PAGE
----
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Oak Creek Loop Hike

From Oregon Hikers Field Guide

Heading down the Extendo Trail (bobcat)
Oak Creek, Homestead Trail (bobcat)
Pacific madrone, Road 6020 (bobcat)
Old Douglas-fir, Extendo Trail (bobcat)
The double loop from the Oak Creek Biology Lab (not a GPS track; not all forest roads shown on the topo) (bobcat) Courtesy: Caltopo
Poison Oak

Contents

Description

Oregon State University's McDonald State Forest is a checkerboard of research plantings, timber plantations, and areas of the mixed natural forest native to the east side Coast Range foothills, some of it replacing the seasonal meadow burning practices of the native Kalapuyans. Signs will warn of the invasive nature of false-brome (Brachypodium sylvaticum), a Eurasian/North African grass that, unlike native species, flourishes under a forest canopy. This hike cobbles together three foot/bike trails with forest roads that are little used on weekends. In addition to false-brome, another invasive, Armenian blackberry, is common here, but the native woodland along Oak Creek and the slopes above it includes the full range of conifers and deciduous trees you'd expect in this province: some old growth Douglas-firs, western red-cedar, grand fir, Pacific yew, tall straggling Pacific madrones, red alder, big-leaf maple, and Oregon white oak. Note that the trails are hiker-only from November 1st to April 15th; thus, while this is a good low-elevation winter hike, you can also catch the early spring and forest wildflowers before the trail restrictions are lifted in mid-April.

The short graveled Homestead Trail, half a mile long, begins from the parking area near the Oak Creek Biology Lab, where some of the original buildings were erected by the Civilian Conservation Corps in the 1940s. Walk downhill under Douglas-firs and cross Oak Creek on a footbridge. Moss-covered maples and blackberry thickets dominate. The trail bends right and heads up Oak Creek below a hillside of Douglas-fir and grand fir carpeted with sword fern and invasive false-brome grass. Oak Creek runs to the right through blackberry thickets, salmonberry, Indian plum, and moss-draped big-leaf maples and alders with a few cedars and oaks. At a junction, keep right on the wider vehicle track. At the next junction, stay right and head down, recross Oak Creek and then rise gently again. Pass through an open area planted with incense cedars and lodgepole pines. At a couple of points along the trail, you can see the gauges and monitoring devices of researchers. Coming to the junction with Road 6020, go left.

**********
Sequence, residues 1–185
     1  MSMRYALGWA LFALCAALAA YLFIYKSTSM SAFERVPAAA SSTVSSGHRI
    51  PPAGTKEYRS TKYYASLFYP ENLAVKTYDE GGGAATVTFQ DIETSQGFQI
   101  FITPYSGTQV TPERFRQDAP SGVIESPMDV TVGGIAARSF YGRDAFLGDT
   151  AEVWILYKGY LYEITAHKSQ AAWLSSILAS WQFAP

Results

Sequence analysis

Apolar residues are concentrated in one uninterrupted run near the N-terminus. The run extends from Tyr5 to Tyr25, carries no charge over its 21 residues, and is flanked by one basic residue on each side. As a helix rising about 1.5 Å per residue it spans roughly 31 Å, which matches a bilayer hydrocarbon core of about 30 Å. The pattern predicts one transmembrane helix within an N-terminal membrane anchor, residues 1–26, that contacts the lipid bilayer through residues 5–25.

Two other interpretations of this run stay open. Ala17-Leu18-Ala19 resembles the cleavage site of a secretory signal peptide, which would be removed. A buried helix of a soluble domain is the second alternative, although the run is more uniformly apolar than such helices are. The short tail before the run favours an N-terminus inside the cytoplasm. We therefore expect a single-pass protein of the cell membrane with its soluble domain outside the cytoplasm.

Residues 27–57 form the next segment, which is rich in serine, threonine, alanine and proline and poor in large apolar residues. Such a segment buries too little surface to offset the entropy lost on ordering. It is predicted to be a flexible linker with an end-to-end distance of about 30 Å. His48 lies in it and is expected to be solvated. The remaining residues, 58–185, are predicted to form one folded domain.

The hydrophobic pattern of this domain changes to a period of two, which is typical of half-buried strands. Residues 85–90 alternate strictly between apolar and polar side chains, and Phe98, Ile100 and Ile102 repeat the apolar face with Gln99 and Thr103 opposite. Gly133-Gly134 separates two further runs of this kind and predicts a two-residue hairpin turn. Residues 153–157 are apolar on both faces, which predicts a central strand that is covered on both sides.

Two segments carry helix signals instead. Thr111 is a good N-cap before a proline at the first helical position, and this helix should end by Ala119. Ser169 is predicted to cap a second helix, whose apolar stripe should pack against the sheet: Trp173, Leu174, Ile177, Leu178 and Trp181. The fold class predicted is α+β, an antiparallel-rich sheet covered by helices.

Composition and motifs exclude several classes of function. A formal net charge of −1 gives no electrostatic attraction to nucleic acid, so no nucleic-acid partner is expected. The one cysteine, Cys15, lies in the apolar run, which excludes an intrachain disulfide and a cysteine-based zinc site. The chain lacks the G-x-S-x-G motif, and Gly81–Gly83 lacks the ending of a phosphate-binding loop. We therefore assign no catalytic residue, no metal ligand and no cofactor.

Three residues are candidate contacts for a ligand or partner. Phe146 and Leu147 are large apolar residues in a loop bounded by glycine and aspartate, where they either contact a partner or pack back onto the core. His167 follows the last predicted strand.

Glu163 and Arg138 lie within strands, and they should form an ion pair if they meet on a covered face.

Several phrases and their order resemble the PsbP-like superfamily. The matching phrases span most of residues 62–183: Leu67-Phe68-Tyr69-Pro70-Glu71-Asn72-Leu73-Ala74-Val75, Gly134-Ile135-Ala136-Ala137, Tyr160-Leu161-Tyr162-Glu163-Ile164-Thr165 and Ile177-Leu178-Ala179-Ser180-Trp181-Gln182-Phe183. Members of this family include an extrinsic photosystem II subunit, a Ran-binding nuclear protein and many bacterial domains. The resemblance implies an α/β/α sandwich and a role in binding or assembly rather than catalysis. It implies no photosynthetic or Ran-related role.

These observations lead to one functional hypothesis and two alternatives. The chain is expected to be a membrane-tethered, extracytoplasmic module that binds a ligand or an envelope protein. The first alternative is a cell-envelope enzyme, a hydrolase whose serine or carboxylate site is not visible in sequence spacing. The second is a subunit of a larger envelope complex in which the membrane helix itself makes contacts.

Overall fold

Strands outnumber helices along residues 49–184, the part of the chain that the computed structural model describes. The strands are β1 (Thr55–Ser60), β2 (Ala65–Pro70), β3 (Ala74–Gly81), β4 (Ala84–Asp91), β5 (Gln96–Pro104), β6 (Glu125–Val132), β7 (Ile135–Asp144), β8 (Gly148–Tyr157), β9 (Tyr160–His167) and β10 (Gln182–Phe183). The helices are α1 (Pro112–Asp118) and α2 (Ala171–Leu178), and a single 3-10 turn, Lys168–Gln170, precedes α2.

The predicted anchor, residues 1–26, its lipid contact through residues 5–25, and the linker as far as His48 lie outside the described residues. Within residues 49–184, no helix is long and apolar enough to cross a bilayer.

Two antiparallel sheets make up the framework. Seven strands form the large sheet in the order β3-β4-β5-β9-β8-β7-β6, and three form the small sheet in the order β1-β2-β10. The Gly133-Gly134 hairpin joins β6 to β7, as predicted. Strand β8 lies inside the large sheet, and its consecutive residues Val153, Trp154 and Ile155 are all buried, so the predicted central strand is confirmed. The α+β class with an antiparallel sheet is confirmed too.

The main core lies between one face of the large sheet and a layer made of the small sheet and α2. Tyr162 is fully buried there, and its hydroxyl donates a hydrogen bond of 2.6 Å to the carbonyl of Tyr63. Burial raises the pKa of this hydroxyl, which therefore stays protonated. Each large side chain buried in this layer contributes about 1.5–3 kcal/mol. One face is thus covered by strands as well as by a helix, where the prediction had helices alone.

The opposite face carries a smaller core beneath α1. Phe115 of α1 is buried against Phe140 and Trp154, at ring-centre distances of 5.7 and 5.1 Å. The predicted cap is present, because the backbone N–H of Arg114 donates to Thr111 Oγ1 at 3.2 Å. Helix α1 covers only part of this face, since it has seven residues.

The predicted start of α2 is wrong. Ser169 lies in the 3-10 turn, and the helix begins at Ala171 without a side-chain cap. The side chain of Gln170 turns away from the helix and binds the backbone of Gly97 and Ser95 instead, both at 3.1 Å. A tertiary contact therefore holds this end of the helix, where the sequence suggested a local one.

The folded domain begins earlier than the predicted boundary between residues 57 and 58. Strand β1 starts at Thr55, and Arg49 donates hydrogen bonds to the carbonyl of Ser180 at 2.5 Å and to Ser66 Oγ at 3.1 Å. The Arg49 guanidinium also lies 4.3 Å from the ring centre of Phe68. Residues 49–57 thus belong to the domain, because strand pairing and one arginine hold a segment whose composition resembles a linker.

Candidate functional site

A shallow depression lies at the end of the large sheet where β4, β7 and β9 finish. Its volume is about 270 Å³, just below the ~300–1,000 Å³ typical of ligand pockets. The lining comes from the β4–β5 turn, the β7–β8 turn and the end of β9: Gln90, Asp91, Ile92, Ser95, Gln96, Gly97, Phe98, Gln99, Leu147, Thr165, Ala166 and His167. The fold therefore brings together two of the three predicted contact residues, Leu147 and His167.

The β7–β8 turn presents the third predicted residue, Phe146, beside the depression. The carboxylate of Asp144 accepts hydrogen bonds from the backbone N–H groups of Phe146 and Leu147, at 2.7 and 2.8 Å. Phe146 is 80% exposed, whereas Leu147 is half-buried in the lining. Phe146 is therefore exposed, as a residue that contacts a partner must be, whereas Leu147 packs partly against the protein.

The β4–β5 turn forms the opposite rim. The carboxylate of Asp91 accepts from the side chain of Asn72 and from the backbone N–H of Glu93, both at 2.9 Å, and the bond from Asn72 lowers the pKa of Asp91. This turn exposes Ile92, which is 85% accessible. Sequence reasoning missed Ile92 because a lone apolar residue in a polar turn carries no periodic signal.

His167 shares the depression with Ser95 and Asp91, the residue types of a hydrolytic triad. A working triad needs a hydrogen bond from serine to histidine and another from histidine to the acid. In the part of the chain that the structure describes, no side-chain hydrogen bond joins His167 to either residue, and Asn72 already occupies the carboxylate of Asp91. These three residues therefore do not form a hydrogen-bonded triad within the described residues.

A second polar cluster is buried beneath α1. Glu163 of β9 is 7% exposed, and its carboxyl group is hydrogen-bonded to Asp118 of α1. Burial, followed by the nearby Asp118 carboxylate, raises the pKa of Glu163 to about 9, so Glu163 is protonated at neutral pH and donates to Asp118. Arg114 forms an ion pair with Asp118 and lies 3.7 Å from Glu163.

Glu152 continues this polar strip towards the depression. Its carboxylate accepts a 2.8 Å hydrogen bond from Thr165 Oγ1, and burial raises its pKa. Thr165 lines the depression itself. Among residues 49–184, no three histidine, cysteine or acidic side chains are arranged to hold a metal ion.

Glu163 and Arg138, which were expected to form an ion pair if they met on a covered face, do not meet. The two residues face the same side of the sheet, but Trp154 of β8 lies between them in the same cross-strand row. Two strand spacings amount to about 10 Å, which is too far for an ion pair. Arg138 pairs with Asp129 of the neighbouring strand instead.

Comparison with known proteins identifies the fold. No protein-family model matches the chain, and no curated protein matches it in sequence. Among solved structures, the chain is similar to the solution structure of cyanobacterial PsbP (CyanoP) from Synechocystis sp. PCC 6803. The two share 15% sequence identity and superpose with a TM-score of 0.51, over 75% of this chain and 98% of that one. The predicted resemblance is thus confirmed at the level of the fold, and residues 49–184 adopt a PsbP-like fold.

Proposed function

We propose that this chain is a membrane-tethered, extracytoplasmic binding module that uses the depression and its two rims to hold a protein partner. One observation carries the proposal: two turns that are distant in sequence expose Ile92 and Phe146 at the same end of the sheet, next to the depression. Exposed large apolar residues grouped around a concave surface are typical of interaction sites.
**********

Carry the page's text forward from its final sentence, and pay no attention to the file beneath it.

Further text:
Road 6020 heads up with alder-shaded Oak Creek down to the right. Pass the Extendo Trail-Road 6020 Junction 75 yards later and keep to the road, passing through Douglas-fir and grand fir woods with a few drooping Pacific yew. Higher above Oak Creek, spot the bright orange trunk of large madrones on the opposite hillside. At a junction, keep on the main track (right) and loop over a fork of the creek vegetated with mossy alders, yews, and maples. At a landslide area, the road becomes a trail briefly and then descends to cross a creek and comes to the beginning of the Uproute Trail. This gravel trail enters a grove of young Douglas-firs and then makes several short switchbacks up. The Uproute is closed to bikes from October 31st to April 15th although some users obviously don’t heed the signs. Under more mature Douglas-fir and grand fir, the Uproute Trail heads along to a ridgetop with some large old growth Douglas-firs. Cross another fork of Oak Creek and come to the Uproute-Extendo Trail Junction. An unauthorized use trail leads up to the left, but to complete the loop, go right on the Extendo Trail.

Drop down the ridge, passing more big Douglas-firs, a couple six feet across. There are also grand fir, vine maples, sword fern and the usual carpet of false-brome. The trail wanders up to and down from the ridge crest, dropping into a gully with a few Pacific madrones, and then back up to the ridge. At a junction, go right and head down, switchbacking under Douglas-firs, grand firs, oaks, and maples. Descend to a grassy oak flat and cross a footbridge over Oak Creek to arrive at the Extendo Trail-Road 6020 Junction. Go left here, passing the junction with Road 6021 in 75 yards, crossing over Oak Creek, and in another 60 yards reaching the junction with Road 600. Make a right on 600. Keep straight at the junction with Road 670 and pass a weir and small fish ladder on Oak Creek. Near the parking area, pass around an orange gate and then a boot and bike wash, placed here to encourage you to divest your soles and tires of false-brome seeds.


Fees, Regulations, etc.

  • Information kiosk at trailhead
  • Port-a-potty
  • Dogs on leash
  • Boot cleaning stall
  • Trails closed to bikes and horses November 1st to April 15th
  • Active research area: stay on the trails

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Page Contributors

Oregon Hikers Field Guide is built as a collaborative effort by its user community. While we make every effort to fact-check, information found here should be considered anecdotal. You should cross-check against other references before planning a hike. Trail routing and conditions are subject to change. Please contact us if you notice errors on this page.

Hiking is a potentially risky activity, and the entire risk for users of this field guide is assumed by the user, and in no event shall Trailkeepers of Oregon be liable for any injury or damages suffered as a result of relying on content in this field guide. All content posted on the field guide becomes the property of Trailkeepers of Oregon, and may not be used without permission.